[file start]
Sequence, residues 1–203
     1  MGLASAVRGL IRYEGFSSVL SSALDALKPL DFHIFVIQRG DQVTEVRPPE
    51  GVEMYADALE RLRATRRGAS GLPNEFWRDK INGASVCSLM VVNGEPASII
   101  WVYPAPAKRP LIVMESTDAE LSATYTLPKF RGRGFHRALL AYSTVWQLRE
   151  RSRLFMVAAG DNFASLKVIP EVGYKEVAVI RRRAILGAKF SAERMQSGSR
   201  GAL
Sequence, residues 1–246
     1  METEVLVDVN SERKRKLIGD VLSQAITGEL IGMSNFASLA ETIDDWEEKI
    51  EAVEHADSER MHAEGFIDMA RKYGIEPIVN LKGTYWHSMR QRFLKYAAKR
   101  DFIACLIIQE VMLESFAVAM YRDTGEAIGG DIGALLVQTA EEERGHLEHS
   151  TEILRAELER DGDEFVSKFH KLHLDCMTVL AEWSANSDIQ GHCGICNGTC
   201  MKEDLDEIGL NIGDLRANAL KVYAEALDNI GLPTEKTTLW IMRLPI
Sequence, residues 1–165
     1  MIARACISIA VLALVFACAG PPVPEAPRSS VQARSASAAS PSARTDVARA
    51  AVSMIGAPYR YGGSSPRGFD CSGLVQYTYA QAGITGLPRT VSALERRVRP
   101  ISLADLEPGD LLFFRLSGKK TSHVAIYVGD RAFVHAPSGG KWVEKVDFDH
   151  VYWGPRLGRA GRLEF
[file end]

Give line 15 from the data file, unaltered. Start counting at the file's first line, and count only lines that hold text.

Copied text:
    51  AVSMIGAPYR YGGSSPRGFD CSGLVQYTYA QAGITGLPRT VSALERRVRP